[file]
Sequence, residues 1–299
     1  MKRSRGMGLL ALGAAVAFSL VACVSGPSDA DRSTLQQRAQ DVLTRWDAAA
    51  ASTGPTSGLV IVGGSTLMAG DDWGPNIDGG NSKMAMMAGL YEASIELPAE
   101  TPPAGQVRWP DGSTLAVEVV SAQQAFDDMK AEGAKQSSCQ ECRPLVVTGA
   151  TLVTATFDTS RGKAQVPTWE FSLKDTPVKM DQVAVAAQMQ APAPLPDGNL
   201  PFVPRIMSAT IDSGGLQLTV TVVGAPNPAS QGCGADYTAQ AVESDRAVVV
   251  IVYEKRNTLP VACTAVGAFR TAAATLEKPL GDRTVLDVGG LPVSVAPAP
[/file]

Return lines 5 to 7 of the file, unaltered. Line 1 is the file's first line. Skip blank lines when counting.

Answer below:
   151  TLVTATFDTS RGKAQVPTWE FSLKDTPVKM DQVAVAAQMQ APAPLPDGNL
   201  PFVPRIMSAT IDSGGLQLTV TVVGAPNPAS QGCGADYTAQ AVESDRAVVV
   251  IVYEKRNTLP VACTAVGAFR TAAATLEKPL GDRTVLDVGG LPVSVAPAP